Creston Heights involves the moderate rehabilitation of four existing buildings in the Fordham neighborhood of the Bronx. Three of the buildings are part of HPD’s Third Party Transfer (TPT) program (2279 Tiebout Ave, 2414 Creston Ave, and 2333 Grand Ave), as well as 2600 Briggs Avenue, currently owned by New Briggs Avenue HDFC. The renovation will proceed with tenants in place. Vacant units (except the superintendents’ units) will be rented to household with incomes at or below 60% of the Area Median Income (equivalent to an annual income of $51,540 for a family of four). The developer is the not-for-profit Fordham Bedford Housing Corporation.
The Longwood Residences is a 361-unit scattered site development located in the Longwood neighborhood of the Bronx. The project is comprised of nine five and six-story elevator buildings all of which were built between 1908 and 1922. The overall unit mix consists of 58 one-bedrooms, 143 two-bedrooms, 131 three-bedrooms, and 27 four-bedroom units. The buildings will be renovated with existing tenants in place and where vacant, all units (except the superintendents’ units) will be rented to household with incomes at or below 60% of the Area Median Income – equivalent to an annual income of $51,540 for a family of four. The developer is Omni New York, LLC.
The Mother Arnetta Crawford Apartments will be a new eight-story elevator building with 84 rental units and 21 parking spaces for low-income families and people with special needs in the Crotona East section of the Bronx. The site is located at Hoe Avenue and East 172nd Street in Community District 3. All the units will be occupied by households with incomes at or below 60% Area Median Income, equivalent to an annual income of $51,540 for a family of four. The developer is Union Grove Associates II, LLC.
The PRC Shakespeare project involves the acquisition, financial restructuring, consolidation and rehabilitation of three HUD-insured developments known as Featherbed Lane, Mid-Bronx I (MBD I) and Mid-Bronx III (MBD III). Together there are a total of 10 six-story multi-family buildings in the Morris Heights (Featherbed) and Crotona Park East (MBD I and MBD III) neighborhoods of the Bronx. The combined scattered site project has 414 residential units. All the units will be occupied by households with incomes at or below 60% Area Median Income, equivalent to an annual income of $51,540 for a family of four. The developer is the not-for-profit Property Resources Corporation (PRC).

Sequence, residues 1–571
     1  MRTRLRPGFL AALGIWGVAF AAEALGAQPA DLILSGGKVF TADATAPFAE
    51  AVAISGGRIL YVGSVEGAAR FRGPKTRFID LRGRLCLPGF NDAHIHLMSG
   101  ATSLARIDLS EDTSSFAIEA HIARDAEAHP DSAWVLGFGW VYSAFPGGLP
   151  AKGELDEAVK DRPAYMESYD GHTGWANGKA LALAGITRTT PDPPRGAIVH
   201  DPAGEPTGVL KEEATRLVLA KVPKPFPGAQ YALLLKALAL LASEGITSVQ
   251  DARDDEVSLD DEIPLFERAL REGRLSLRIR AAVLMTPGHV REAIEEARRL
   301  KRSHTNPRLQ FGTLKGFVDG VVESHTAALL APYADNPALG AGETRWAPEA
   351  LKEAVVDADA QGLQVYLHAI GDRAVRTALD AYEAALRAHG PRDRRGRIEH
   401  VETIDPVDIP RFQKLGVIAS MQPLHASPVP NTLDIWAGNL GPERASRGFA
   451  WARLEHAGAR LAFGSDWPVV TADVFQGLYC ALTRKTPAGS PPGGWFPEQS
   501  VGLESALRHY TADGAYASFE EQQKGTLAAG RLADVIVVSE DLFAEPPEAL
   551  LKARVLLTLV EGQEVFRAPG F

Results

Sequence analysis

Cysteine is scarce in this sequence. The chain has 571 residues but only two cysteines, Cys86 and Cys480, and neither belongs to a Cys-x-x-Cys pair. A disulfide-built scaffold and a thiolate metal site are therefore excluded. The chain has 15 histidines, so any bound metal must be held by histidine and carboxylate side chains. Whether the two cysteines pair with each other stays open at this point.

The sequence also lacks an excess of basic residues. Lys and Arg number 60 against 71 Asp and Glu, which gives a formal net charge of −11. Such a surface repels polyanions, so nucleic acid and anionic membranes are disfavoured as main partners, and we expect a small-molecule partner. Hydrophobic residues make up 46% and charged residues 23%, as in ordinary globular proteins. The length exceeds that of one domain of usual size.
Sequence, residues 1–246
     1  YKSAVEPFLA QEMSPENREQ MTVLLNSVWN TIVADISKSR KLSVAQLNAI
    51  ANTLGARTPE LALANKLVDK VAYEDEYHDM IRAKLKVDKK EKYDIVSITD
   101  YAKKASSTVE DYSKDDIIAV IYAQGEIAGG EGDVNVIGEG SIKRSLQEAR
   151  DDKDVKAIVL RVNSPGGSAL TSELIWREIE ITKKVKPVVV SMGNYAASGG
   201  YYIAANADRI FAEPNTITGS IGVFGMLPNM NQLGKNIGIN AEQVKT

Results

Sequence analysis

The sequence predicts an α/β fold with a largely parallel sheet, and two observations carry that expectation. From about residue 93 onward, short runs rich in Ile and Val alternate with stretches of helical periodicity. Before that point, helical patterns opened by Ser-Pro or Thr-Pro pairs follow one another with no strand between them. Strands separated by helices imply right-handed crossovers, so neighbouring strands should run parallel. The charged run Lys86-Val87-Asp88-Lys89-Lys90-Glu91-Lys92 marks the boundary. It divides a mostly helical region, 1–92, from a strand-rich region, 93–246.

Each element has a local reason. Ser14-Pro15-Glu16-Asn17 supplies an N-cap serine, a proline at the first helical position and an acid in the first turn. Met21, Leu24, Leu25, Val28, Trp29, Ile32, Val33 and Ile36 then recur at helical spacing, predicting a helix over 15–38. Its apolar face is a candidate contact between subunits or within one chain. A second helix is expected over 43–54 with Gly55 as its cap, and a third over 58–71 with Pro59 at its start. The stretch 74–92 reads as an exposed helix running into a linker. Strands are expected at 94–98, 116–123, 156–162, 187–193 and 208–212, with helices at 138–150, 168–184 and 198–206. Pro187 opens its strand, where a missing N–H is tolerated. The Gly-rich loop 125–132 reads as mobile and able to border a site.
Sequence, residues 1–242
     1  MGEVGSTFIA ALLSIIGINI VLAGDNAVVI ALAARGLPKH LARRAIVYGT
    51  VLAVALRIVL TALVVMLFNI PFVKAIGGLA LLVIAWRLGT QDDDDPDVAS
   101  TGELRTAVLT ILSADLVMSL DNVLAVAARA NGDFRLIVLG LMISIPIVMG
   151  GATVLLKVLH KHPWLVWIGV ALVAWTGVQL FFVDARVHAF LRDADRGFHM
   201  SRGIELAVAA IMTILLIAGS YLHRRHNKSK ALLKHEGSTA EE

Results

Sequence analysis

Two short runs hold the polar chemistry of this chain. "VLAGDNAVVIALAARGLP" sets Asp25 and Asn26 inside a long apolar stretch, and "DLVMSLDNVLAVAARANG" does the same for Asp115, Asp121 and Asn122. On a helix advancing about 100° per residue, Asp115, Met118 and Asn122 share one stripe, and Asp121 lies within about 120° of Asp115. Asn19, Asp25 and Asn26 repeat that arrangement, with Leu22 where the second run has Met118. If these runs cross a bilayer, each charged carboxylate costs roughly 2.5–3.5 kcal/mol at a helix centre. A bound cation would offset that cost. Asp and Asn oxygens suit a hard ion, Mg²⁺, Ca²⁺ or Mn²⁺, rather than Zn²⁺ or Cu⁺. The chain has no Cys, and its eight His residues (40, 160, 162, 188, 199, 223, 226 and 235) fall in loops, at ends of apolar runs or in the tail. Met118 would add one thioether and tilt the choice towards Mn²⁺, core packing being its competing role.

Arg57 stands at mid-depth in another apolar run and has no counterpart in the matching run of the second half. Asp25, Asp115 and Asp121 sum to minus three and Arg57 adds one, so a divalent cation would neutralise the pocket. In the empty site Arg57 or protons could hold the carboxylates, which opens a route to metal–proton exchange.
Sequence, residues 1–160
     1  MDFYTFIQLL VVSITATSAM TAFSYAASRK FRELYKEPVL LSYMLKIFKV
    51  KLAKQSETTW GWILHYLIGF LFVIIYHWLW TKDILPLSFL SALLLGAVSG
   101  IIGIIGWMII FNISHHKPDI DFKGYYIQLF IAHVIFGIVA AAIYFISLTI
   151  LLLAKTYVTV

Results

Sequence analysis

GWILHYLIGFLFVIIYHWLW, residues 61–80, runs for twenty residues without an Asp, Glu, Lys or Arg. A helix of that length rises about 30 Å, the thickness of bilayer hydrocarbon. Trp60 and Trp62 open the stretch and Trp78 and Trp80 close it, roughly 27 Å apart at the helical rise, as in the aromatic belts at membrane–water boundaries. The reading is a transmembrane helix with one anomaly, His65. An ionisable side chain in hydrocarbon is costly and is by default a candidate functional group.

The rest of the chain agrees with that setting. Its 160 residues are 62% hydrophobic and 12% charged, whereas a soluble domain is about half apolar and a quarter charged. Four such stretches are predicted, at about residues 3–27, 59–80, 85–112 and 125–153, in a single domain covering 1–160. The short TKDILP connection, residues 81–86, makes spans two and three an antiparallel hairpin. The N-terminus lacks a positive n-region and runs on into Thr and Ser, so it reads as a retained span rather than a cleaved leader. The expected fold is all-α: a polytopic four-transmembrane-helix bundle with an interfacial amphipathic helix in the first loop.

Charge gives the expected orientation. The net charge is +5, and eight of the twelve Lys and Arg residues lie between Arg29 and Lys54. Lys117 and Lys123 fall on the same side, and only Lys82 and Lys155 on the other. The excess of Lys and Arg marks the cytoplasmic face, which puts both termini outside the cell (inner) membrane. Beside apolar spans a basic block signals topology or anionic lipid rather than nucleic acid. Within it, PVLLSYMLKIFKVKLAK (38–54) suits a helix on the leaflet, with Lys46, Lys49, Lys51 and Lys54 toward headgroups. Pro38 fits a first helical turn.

The Scheuer Gardens project involves the rehabilitation of a multifamily apartment complex located for senior residents in the Bronxdale section of the Bronx. The project is a 116 unit, seven-story, age-restricted building constructed in 1983. All of the project’s units, except for the superintendent’s unit, will be reserved for tenants 62 years and older. Tenants who are already in place will remain in their homes. The developer is Centerlight Health Systems, Inc.
Soundview Family, at 401 Bronx River Avenue will be a 120-unit residential rental building, with 24 one-bedroom, 78 two- bedroom and 17 three-bedroom apartments as well as one three-bedroom superintendent’s unit. The development will be located in the Soundview section of the Bronx on the grounds of NYCHA’s Soundview development. This new construction project will also add to our existing portfolio of developments developed in collaboration with NYCHA, which, not including the Federalization deal, currently stands at 16 deals, 2,355 apartments, and a total HDC commitment amounting to nearly $950 Million. Units will be reserved for households earning up to 60% Area Median Income (currently $51,540 per year for a family of four). This will be a joint venture between L+M Development, CPCR and Lemle & Wolff.
Webster Commons Building B will be one of four new construction, low- and mixed-income rental buildings that will form the Webster Commons Development. The project will be built in the Olinville section of the Bronx, located at 3356 Webster Avenue. Building B will be a single thirteen-story building. Twenty-four of the project’s units will be reserved for households earning up to 60% Area Median Income (currently $51,540 for a family of four). The remaining 70 units will have rents set at 80% AMI (equivalent to an annual income of $68,700 for a family of four), and will be reserved for households earning up to 110% AMI (currently $94,490 for a family of four). The developer is Joy Construction Corp.
About NYC Housing Development Corporation (HDC):
Since 2000, HDC has issued roughly 10% of all the multi-family housing revenue bonds in the U.S. and since 2003, when Mayor Bloomberg’s New Housing Marketplace Plan was launched, HDC has raised more than $6.7 billion in financing for affordable housing developments, including providing in excess of $1 billion in subsidy from corporate reserves. In Affordable Housing Finance magazine’s annual listing of the nation’s top ten funders of multifamily housing, HDC is the only municipal entity on the list. In 2013, HDC was the third largest affordable housing lender in the U.S. after Citi and Wells Fargo, beating out Bank of America, JPMorgan Chase and Capital One. To date, under the Mayor’s plan, HDC has financed the creation or preservation of more than 70,628 of the total 147,890 affordable units. Multifamily buildings financed by HDC contain more than 1.7 million square feet of commercial space. For additional information, visit: www.nychdc.com